Jamie bursts through the door, running headlong into the giant box in the middle of their apartment. The corner connects directly with his testicles, which amuses Rachel and Patrick to no end. When Jamie is done writhing on the ground and cursing the obviously and unendingly useless box, he announces that he has gotten a toy for the big toy giveaway. “Tada,” he says as he reveals a Rich themed blanket and a Poe brand tea set. Apparently after the war toy submarine fiasco the Super Dope Toy company was looking for something a bit more lowkey and the blanket and tea set hit all the right notes. “The perfect combination,” Jamie explains, “Just like Rich & Poe are the perfect combination of bad guy stopping power.” Patrick holds up his hand in exasperation. While it wouldn’t exactly be the toy he would have chosen, it’ll have to do because he also has big news. The FMV VR Rich & Poe experience is done and he thinks it’s pretty great. No need to say more. Jamie quickly sends off the Rich & Poe Blanket & Tea set to WGRG, while Patrick sets the FMV release date for peak chart time. With their nerves on edge and 15 hours to kill before they see if their plan has worked, Jamie and Patrick contemplate what to do until then. “Should we watch Here on Earth?” Patrick suggests, breaking out their well-worn 4K copy with extra bonus features. But Jamie shakes his head. The white-hot tragic love story is a bit too intense for the moment. What they really need is some sleep. Suddenly it hits him like a ton of bricks. Duh, let’s take this blanket and tea set for a test drive and snooze away the time. Hopefully they don’t have any bad dreams. That’s right! We are transitioning out of the video games/song cycle and right into one of our favorites: franchises! We are going to hit up some beautiful sequels, please, and start it off hot with the two Nightmare on Elm entries that qualified for BMT (before the reboots started). Those are A Nightmare on Elm Street: The Dream Child and Freddy’s Dead: The Final Nightmare, which were five and six in the series. I really liked the first one, so I was excited to watch the whole original series. Let’s go!
A Nightmare on Elm Street: The Dream Child (1989) – BMeTric: 57.4; Notability: 55
StreetCreditReport.com – BMeTric: top 2.0%; Notability: top 6.4%; Rotten Tomatoes: top 26.8% Higher BMeT: Friday the 13th Part VIII: Jason Takes Manhattan, Halloween 5: The Revenge of Michael Myers, Cyborg; Higher Notability: Troop Beverly Hills, Road House, Star Trek V: The Final Frontier; Lower RT: Wired, Friday the 13th Part VIII: Jason Takes Manhattan, DeepStar Six, No Holds Barred, She’s Out of Control, Millennium, Winter People, Halloween 5: The Revenge of Michael Myers, The Karate Kid Part III, The Salute of the Jugger, Chattahoochee, Nightmare Vacation 3, The Lemon Sisters, Three Fugitives, Cookie, Her Alibi, Cyborg, Rude Awakening, Renegades, Harlem Nights and 18 more; Notes: Man what a year for bad horror sequels! I’m always astounded by how much people on IMDb hate bad horror films.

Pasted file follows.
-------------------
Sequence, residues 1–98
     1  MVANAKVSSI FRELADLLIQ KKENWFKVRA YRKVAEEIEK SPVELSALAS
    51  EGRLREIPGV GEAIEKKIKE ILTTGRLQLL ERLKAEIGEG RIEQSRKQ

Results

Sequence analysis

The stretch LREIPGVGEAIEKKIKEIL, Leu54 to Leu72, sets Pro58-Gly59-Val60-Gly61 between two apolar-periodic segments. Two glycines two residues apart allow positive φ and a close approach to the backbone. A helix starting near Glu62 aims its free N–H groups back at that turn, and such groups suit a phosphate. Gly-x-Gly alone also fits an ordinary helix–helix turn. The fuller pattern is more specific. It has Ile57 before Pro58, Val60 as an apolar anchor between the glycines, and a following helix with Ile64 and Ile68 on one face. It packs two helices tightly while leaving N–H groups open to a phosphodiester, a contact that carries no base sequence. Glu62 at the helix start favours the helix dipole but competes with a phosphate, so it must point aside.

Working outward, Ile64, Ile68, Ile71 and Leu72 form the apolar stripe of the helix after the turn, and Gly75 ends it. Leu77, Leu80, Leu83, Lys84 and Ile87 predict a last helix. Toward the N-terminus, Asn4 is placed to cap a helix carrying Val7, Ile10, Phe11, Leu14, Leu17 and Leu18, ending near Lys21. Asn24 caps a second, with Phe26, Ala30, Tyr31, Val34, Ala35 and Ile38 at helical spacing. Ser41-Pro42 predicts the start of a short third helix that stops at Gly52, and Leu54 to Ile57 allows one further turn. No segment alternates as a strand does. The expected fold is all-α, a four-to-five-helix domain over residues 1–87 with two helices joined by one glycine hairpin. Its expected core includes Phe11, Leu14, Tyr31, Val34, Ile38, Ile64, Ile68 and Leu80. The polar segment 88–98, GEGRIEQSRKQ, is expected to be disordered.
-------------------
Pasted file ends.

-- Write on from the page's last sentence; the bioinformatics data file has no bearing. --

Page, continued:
Leonard Maltin – 1.5 stars – Fifth in the Nightmare series, with everyone except Englund just going through the paces. Here, scarred, dream-haunting Freddy Krueger (Englund) uses the unborn child of Wilcox to strike at her friends. As usual, special effects are a highlight but don’t save the film from being a bore. Followed by Freddy’s Dead: The Final Nightmare.
(I’m pretty intrigued by the idea that the special effects are a highlight. It seems like this series in particular tends to have some pretty good special effects. I’m a bit surprised that Maltin, who seems to hate horror films, doesn’t mention how weirdly vulgar Kreuger is in the later sequels.)
Trailer – https://www.youtube.com/watch?v=LFm_jiI8RiA
(The reveal of the subtitle, The Dream Child, almost seems like a joke. Pair that with the Beetlejuice-esque sets and “It’s a Boooooooooy” at the end and I kind of hate this trailer. I think it might have been different at the time, but knowing it is a bad movie makes the trailer seem merely a confirmation of that fact.)
Directors – Stephen Hopkins – (Known For: The Ghost and the Darkness; Race; Under Suspicion; The Life and Death of Peter Sellers; Tube Tales; Dangerous Game; Future BMT: The Reaping; Blown Away; Judgment Night; BMT: Lost in Space; A Nightmare on Elm Street: The Dream Child; Predator 2; Notes: Won an Emmy for The Life and Death of Peter Sellers, and also was lead director on the first season of 24. Was storyboarding commercials when he was 15 in Australia, originally born in Jamaica and raised in England.)